I used to think that fit people were kind of like members in an exclusive club to which I would certainly NOT be admitted. I’m happy to say that I’ve now crashed their little party, and they don’t seem to mind after all. I suspect that anyone who was chubby as a child had experiences similar to my own. They were pretty typical. If other kids didn’t point out my failures with merciless teasing, they were obvious to me when I came in last or couldn’t do certain things at all. I find it ironic that a kid who could have benefitted so much by being encouraged to exercise had the opposite experience. Dread of teasing usually resulted in me looking for the smartest way to avoid participating or doing my best to steer clear of the things with the greatest potential for embarrassment. One of the things I hated most was the annual track and field day. Participation was mandatory if you were concerned about your P.E. grade, which I was, and I always had to do one of the shortest dashes– 30 yards, because that was all I could muster. Even worse, the dash took place in front of the entire elementary school. I’m not sure. I might have come in last several times. I think I’ve blocked it out.
My undergrad degree is in vocal music education. I spent much of my childhood singing and practicing the piano. Neither of those things really work up a sweat aside from the occasional case of stage fright. I also spent a lot of time reading, which has served me well in my life, but is also not an aerobic activity. I worked very hard at all things musical and academic. That’s where I had my focus, and I did pretty well for myself. Those were clearly the places where I shined. No one ever expected me to do sit-ups while reading my book, to do jumping jacks while singing an aria or to run laps while toting my piano. I saw exercise as a place where I was going to fail, and, like most people, I like to succeed. So, I avoided it like the plague. If I did try to exercise, I tried to do it in secret. I didn’t want anyone to see me failing.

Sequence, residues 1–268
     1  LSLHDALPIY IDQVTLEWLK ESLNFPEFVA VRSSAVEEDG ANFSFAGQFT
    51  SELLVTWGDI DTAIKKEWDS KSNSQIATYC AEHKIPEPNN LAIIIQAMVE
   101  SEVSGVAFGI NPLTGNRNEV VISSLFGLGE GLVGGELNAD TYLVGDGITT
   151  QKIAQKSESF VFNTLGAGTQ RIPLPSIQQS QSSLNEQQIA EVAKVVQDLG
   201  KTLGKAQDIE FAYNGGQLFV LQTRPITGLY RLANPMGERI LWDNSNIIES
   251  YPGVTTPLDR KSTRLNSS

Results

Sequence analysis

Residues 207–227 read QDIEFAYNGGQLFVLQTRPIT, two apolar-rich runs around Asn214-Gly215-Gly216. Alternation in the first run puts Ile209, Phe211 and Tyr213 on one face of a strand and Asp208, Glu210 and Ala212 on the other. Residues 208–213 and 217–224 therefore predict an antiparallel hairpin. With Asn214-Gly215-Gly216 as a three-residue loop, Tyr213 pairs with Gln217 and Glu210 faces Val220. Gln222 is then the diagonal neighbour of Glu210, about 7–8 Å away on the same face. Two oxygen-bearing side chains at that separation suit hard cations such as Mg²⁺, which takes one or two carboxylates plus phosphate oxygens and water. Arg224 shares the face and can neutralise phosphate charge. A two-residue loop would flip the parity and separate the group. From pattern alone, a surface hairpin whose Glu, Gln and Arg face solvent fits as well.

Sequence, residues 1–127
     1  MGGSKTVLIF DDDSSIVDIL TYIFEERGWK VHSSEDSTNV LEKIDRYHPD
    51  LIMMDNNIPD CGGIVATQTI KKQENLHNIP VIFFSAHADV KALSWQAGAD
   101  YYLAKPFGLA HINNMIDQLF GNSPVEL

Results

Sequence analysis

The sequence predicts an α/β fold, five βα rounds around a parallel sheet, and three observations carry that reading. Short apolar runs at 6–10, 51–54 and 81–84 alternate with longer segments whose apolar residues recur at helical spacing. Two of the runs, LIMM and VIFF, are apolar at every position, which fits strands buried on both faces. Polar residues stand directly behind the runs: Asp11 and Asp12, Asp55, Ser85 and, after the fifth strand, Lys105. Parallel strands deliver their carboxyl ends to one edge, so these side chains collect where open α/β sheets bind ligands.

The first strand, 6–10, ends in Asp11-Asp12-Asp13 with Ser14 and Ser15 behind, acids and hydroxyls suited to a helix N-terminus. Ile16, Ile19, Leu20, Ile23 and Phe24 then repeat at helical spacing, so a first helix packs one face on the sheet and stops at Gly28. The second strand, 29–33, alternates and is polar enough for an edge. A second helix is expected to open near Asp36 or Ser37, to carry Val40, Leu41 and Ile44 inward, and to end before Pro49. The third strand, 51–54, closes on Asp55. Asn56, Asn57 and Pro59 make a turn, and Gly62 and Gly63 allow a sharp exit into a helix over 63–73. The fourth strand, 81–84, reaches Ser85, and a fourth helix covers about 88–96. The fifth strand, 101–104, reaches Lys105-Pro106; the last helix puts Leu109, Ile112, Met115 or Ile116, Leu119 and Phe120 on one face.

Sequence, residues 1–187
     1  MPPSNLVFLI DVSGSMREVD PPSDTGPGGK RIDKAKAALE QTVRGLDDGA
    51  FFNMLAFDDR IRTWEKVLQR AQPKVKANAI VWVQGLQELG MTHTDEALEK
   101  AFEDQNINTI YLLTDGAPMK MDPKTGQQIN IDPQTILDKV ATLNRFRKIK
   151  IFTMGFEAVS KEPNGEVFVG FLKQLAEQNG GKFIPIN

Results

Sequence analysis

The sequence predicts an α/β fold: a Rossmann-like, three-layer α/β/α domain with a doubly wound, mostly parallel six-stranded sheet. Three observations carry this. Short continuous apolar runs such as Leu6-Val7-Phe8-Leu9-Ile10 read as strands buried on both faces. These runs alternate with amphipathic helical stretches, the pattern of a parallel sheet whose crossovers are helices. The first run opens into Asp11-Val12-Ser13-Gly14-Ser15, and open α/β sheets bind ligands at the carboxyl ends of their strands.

When I started changing my lifestyle, I started with one of the most obvious exercises: walking. I didn’t need special equipment, I was familiar with the moves, and I had access to a somewhat secluded walking track. It was great! At 340 pounds, I wasn’t able to walk for very long without becoming exhausted, but I started out doing 20 minutes and worked my way up to an hour a day. I was pretty slow, but I was consistent. One day when I was walking around the neighborhood instead of on the track, some guys rolled by in their pickup truck. They yelled “Yeah! You need to walk!” at me out the window. No. Really? Could that explain why I was, in fact, walking? I guess some people never outgrow the teasing thing. Luckily, I was older and wiser at 27 than I had been at 7, so, after I had a good cry, I decided not to listen to the bullies anymore. While I did keep an eye out for that truck with plans to jump into the nearest ditch, I kept walking.